My family’s other Christmas Eve tradition is a reading of David Sedaris’s The Santaland Diaries. Sedaris is now a well-known comic essayist, but before he was published, he supported himself through a variety of odd jobs, including working as an elf in Macy’s Santaland. The story is a series of funny vignettes from his term of employment. Some of them made their debut in 1992 on NPR. You can still listen to the original broadcast.
When we go through it as a family, we take turns reading aloud, passing the book on when we get tired or when we are laughing too hard to see.
Sedaris has one other short story that is particularly seasonal. “Six to Eight Black Men” is available online and the title refers to a common Danish belief about Santa Claus:
The words silly and unrealistic were redefined when I learned that Saint Nicholas travels with what was consistently described as “six to eight black men.” I asked several Dutch people to narrow it down, but none of them could give me an exact number. It was always “six to eight,” which seems strange, seeing as they’ve had hundreds of years to get a decent count.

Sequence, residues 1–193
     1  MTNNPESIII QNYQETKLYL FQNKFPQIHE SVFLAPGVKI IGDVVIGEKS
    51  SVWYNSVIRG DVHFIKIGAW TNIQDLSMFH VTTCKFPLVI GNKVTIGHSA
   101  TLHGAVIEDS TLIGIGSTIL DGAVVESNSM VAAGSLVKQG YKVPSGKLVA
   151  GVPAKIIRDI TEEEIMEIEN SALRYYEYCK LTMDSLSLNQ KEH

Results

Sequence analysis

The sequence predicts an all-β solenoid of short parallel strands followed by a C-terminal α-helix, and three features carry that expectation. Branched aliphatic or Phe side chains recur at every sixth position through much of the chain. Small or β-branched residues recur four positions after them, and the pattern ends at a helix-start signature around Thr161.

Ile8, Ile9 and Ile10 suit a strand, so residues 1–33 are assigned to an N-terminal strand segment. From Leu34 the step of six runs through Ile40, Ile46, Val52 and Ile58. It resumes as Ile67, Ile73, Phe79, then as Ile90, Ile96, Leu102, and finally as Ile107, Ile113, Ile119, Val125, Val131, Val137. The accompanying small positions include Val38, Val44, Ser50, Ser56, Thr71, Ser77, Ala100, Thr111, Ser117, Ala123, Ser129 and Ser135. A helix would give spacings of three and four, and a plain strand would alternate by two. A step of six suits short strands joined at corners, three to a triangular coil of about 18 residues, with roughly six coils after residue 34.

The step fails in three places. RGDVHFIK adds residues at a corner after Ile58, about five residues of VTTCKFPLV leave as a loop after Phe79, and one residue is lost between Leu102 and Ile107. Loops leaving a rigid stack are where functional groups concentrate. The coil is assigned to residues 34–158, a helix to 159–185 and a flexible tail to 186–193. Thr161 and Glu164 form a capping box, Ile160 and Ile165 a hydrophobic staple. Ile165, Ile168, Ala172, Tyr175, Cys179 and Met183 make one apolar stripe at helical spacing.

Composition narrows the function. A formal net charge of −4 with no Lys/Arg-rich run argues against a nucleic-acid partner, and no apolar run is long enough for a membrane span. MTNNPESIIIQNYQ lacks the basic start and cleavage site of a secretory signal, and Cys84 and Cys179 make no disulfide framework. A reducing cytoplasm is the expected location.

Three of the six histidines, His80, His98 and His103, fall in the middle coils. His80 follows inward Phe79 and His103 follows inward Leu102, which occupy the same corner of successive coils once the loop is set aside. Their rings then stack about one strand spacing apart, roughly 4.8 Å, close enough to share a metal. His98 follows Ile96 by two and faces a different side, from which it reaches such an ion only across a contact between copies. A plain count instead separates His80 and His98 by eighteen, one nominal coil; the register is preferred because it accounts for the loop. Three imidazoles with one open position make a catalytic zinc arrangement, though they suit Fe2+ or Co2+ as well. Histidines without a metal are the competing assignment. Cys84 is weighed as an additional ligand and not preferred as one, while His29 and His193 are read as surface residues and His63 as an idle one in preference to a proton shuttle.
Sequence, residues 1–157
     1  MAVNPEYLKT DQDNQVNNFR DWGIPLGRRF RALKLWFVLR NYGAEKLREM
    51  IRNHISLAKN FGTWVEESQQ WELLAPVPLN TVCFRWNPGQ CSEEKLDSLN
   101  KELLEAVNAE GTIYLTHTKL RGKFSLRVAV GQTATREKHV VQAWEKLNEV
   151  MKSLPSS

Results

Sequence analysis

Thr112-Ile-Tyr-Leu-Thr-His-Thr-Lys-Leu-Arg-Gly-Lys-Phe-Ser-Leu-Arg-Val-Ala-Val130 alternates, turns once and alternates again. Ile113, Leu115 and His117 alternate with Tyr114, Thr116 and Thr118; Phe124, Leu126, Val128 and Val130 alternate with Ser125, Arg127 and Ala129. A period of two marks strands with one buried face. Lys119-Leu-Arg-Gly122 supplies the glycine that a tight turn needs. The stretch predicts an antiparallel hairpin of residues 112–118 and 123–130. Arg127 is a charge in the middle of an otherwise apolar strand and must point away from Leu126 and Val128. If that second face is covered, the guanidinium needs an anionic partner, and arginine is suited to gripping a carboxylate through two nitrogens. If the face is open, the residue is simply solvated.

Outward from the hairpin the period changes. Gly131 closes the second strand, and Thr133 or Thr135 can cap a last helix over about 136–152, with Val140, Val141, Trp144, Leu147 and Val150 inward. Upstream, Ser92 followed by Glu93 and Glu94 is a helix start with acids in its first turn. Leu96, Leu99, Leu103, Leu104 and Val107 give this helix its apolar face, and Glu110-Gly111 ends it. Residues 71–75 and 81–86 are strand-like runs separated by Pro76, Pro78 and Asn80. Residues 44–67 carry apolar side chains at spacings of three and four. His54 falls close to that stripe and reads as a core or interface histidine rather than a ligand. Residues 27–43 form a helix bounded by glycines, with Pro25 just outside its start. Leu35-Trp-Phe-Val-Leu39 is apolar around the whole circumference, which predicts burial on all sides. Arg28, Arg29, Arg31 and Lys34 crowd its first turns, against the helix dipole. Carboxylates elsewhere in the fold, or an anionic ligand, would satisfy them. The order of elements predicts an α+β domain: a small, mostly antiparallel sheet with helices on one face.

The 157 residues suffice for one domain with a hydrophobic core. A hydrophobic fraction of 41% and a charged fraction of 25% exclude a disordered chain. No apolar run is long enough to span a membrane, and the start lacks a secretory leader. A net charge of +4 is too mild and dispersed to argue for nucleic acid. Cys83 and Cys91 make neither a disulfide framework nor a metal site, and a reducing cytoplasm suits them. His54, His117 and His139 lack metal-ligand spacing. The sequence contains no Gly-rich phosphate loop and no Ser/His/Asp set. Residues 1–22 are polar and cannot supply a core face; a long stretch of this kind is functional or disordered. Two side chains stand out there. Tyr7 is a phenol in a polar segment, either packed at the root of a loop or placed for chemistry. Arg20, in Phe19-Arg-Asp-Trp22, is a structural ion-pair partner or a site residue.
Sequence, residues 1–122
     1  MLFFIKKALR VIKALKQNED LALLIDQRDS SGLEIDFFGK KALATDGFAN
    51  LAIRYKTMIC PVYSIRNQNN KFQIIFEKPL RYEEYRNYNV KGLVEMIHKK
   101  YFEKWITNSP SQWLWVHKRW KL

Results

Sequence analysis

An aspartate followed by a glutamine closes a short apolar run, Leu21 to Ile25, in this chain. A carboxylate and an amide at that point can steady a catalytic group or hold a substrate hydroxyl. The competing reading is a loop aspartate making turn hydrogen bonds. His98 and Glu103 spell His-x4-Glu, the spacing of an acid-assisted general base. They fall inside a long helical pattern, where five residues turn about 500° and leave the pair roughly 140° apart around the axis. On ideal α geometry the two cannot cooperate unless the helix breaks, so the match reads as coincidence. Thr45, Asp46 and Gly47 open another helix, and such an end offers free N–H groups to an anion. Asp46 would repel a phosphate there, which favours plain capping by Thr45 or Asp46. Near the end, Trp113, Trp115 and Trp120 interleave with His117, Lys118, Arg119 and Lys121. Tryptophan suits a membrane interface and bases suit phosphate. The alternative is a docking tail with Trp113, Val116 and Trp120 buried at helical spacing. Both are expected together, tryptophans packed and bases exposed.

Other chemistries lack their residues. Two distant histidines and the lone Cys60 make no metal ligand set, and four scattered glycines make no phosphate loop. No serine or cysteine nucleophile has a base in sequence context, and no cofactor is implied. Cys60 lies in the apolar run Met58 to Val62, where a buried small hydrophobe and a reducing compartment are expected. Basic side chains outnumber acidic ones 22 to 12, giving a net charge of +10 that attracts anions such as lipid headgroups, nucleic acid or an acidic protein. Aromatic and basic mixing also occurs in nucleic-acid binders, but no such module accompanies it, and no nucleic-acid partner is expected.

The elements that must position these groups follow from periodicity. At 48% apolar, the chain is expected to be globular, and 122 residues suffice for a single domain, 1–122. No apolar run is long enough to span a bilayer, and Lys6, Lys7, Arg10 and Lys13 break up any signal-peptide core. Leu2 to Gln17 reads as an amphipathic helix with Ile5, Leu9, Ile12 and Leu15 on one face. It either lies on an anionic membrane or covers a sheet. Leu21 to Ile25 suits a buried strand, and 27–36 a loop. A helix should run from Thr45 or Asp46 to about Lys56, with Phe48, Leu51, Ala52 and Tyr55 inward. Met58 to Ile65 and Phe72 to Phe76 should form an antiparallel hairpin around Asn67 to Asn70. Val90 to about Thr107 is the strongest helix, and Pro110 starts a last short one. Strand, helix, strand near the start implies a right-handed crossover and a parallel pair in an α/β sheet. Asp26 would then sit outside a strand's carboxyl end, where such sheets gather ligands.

The six to eight black men were characterized as personal slaves until the mid-fifties, when the political climate changed and it was decided that instead of being slaves they were just good friends. I think history has proven that something usually comes between slavery and friendship, a period of time marked not by cookies and quiet times beside the fire but by bloodshed and mutual hostility. They have such violence in Holland, but rather than duking it out among themselves, Santa and his former slaves decided to take it out on the public. In the early years, if a child was naughty, Saint Nicholas and the six to eight black men would beat him with what Oscar described as “the small branch of a tree.”